Rice, the lyricist, said he was inspired by a verse in the 1964 Bob Dylan song “With God on Our Side“:

Through many a dark hour
I’ve been thinkin’ about this
That Jesus Christ was
Betrayed by a kiss
But I can’t think for you
You’ll have to decide
Whether Judas Iscariot
Had God on his side.

Judas, more than Jesus, is at the center of the drama in “Superstar.” His songs reveal a tortured soul with a divided mind about Jesus, whom he both loves and doubts and will famously come to betray.

Is “Jesus Christ Superstar” new?

Nope. It is way older than most of the audience NBC is aiming at. It was written in 1970 — when your faithful ’Splainer herself was but a mere babe — and first appeared as a concept album (remember those?) that year. The album sold over 3 million copies and was an international sensation.

One of the main reasons for the album’s success (and the fact that this 48-year-old show is still around) is the way Lloyd Webber and Rice — both from Christian backgrounds — approached the Jesus story. Instead of framing his divinity or his ministry, they focus instead on the sociopolitical factors working on him and his followers. The result is a Jesus who is a radical revolutionary fighting against the establishment — a very resonant idea in 1970.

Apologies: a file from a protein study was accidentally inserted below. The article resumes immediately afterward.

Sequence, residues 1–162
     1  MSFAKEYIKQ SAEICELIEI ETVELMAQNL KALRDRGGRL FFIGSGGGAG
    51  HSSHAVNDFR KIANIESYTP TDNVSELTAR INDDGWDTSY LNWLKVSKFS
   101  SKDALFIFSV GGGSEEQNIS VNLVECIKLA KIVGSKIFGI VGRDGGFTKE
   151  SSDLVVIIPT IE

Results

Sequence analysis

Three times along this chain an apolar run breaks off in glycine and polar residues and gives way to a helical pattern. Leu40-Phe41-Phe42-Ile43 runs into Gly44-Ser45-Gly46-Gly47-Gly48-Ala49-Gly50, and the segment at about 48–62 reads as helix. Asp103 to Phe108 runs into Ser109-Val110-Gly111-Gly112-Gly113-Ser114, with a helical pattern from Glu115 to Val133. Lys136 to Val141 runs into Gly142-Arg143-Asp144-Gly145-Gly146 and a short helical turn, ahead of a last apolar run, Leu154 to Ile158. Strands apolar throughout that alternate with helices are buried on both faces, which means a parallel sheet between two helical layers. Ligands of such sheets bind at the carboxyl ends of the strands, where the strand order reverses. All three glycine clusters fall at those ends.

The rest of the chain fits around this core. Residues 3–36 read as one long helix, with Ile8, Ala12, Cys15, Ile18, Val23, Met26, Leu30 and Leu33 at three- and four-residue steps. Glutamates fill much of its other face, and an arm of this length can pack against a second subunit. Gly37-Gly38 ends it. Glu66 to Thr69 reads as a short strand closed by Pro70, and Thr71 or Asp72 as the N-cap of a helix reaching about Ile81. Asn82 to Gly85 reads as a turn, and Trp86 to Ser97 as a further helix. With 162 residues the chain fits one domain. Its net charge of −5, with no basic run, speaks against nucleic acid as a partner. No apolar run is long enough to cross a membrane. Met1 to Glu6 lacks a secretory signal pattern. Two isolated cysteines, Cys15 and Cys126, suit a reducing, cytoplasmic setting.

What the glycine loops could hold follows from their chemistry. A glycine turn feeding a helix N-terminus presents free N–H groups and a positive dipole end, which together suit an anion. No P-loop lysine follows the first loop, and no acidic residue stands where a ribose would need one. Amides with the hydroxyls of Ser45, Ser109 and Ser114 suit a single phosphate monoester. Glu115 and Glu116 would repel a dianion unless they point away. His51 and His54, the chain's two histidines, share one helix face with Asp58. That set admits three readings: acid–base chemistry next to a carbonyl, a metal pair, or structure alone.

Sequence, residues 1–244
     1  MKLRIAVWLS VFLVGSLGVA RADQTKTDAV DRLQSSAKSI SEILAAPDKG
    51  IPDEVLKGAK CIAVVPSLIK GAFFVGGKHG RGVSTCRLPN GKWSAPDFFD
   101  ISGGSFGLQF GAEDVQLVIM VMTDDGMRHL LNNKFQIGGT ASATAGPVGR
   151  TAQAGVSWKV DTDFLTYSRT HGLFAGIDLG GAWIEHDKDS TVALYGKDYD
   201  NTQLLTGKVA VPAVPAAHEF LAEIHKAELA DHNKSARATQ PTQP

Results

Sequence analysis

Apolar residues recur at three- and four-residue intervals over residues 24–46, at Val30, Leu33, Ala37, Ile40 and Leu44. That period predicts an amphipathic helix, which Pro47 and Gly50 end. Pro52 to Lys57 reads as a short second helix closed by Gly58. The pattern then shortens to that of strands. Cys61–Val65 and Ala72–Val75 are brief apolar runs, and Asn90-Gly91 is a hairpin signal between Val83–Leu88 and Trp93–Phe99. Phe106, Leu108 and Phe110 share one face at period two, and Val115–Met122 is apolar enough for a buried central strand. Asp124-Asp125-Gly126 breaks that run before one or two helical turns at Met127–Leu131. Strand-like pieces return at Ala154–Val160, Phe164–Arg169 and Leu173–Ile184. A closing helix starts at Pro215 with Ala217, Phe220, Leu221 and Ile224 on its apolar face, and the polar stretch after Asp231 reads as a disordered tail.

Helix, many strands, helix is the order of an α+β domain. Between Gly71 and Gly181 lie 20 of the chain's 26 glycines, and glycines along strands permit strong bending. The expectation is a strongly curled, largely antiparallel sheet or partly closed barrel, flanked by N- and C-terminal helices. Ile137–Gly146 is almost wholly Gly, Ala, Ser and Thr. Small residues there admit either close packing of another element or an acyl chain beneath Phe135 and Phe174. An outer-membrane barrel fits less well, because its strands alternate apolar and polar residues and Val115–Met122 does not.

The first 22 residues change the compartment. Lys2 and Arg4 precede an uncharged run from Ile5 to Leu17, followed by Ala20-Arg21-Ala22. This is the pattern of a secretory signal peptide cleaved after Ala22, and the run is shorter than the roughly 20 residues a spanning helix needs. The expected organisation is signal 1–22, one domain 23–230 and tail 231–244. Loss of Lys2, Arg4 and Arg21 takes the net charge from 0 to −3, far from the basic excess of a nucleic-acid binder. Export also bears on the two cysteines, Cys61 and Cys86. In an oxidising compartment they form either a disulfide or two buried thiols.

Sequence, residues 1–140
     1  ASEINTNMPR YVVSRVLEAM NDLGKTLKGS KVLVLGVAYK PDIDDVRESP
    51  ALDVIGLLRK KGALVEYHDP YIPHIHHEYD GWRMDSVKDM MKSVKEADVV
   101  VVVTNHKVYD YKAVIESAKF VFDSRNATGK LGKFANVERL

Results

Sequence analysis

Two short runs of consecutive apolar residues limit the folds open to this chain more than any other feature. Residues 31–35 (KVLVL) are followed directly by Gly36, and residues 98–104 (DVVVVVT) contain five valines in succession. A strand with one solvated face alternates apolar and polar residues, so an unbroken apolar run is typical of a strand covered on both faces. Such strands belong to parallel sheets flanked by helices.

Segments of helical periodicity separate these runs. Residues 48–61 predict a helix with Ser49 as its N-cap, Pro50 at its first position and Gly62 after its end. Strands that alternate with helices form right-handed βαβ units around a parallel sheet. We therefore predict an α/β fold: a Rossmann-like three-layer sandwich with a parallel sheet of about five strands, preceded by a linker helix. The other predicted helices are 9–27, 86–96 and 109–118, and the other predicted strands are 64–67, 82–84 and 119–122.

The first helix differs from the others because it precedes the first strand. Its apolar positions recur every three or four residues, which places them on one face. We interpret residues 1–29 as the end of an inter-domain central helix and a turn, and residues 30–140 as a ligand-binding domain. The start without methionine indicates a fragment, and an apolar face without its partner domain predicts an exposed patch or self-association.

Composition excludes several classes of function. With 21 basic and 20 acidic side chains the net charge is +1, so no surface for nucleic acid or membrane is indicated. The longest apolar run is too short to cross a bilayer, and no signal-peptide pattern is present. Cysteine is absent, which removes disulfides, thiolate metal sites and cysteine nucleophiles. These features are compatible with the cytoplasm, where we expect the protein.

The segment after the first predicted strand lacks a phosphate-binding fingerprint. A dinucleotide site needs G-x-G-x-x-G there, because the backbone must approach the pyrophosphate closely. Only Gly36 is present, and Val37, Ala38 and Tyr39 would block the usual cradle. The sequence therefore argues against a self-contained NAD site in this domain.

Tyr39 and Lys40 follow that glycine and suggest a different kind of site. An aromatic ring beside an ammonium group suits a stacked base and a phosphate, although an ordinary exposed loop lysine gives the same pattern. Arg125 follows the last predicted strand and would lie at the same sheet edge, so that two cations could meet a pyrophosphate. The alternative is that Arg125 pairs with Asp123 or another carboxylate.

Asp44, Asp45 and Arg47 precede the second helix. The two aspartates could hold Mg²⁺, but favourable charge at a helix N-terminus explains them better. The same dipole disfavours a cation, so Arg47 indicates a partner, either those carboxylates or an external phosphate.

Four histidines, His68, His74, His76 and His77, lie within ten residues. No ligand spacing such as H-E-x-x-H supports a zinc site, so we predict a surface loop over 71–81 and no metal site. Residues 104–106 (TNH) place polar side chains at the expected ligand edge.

Actor Jeff Fenholt portrays Jesus Christ in a scene from the rock-opera “Jesus Christ Superstar” in 1971. The musical opened at the Mark Hellinger Theatre in New York. RNS file photo

The concept album got the full Broadway treatment in 1971. Some critics hated what they saw as an overwrought production (including a drag queen King Herod), while others lauded the in-your-face reinterpretation of the biblical story and what was then out-of-the-box casting (the African-American Ben Vereen as Judas). The show was nominated for five Tony Awards but cast and creators went home empty-handed.